We may remove messages that are unrelated to the topic, encourage illegal activity, use all capital letters or are unreadable.

Messages that are flagged by readers as objectionable will be reviewed and may or may not be removed. Please do not flag a post simply because you disagree with it.

Sponsored by

facebook - twitter on Facebook & Twitter

Follow on TwitterFollow IBJ on Facebook:
Follow on TwitterFollow IBJ's Tweets on these topics:
Subscribe to IBJ
  1. How much you wanna bet, that 70% of the jobs created there (after construction) are minimum wage? And Harvey is correct, the vast majority of residents in this project will drive to their jobs, and to think otherwise, is like Harvey says, a pipe dream. Someone working at a restaurant or retail store will not be able to afford living there. What ever happened to people who wanted to build buildings, paying for it themselves? Not a fan of these tax deals.

  2. Uh, no GeorgeP. The project is supposed to bring on 1,000 jobs and those people along with the people that will be living in the new residential will be driving to their jobs. The walkable stuff is a pipe dream. Besides, walkable is defined as having all daily necessities within 1/2 mile. That's not the case here. Never will be.

  3. Brad is on to something there. The merger of the Formula E and IndyCar Series would give IndyCar access to International markets and Formula E access the Indianapolis 500, not to mention some other events in the USA. Maybe after 2016 but before the new Dallara is rolled out for 2018. This give IndyCar two more seasons to run the DW12 and Formula E to get charged up, pun intended. Then shock the racing world, pun intended, but making the 101st Indianapolis 500 a stellar, groundbreaking event: The first all-electric Indy 500, and use that platform to promote the future of the sport.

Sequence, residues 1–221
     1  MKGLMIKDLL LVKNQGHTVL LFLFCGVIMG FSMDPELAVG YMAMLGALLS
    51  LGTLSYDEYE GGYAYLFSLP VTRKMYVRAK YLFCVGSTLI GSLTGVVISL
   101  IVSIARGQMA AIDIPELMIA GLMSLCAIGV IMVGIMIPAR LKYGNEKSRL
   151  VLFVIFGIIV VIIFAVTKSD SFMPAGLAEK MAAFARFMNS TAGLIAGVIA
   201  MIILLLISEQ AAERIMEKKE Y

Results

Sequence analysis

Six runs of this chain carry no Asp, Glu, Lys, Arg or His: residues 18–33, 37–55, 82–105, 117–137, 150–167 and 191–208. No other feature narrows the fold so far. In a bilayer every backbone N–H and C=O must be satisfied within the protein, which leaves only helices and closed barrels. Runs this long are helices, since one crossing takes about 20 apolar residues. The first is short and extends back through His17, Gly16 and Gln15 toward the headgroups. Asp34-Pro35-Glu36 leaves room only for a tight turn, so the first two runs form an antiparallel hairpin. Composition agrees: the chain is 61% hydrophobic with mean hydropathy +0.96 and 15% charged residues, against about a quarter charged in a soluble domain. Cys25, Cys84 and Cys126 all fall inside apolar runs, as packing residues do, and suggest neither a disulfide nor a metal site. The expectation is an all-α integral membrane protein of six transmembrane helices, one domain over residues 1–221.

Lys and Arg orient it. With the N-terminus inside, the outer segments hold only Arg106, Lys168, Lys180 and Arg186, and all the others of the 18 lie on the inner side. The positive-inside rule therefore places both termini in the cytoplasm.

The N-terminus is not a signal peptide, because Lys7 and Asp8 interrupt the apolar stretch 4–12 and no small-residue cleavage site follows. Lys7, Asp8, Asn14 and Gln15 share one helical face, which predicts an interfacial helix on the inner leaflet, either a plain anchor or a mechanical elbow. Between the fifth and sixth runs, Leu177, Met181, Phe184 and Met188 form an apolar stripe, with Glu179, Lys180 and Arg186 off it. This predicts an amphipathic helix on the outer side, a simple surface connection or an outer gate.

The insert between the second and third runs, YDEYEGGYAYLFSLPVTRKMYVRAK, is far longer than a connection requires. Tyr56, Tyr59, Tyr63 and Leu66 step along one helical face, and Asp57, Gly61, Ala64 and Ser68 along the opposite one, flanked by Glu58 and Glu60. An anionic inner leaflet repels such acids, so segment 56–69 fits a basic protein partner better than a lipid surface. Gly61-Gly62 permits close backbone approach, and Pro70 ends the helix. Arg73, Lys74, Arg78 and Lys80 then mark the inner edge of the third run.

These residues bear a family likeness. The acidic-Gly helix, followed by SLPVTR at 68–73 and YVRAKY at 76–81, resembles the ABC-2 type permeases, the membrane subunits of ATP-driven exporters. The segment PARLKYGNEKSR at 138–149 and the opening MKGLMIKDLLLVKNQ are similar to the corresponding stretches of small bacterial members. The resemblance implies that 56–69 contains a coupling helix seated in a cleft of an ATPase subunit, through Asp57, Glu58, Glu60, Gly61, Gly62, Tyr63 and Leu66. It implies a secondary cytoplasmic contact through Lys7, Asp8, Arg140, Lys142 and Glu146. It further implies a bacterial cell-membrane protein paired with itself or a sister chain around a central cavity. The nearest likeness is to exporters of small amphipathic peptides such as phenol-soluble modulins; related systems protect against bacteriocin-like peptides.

4. No, HarveyF, the exact opposite. Greater density and closeness to retail and everyday necessities reduces traffic. When one has to drive miles for necessities, all those cars are on the roads for many miles. When reasonable density is built, low rise in this case, in the middle of a thriving retail area, one has to drive far less, actually reducing the number of cars on the road.

  5. The Indy Star announced today the appointment of a new Beverage Reporter! So instead of insightful reports on Indy pro sports and Indiana college teams, you now get to read stories about the 432nd new brewery open or some obscure Hoosier winery winning a county fair blue ribbon. Yep, that's the coverage we Star readers crave. Not.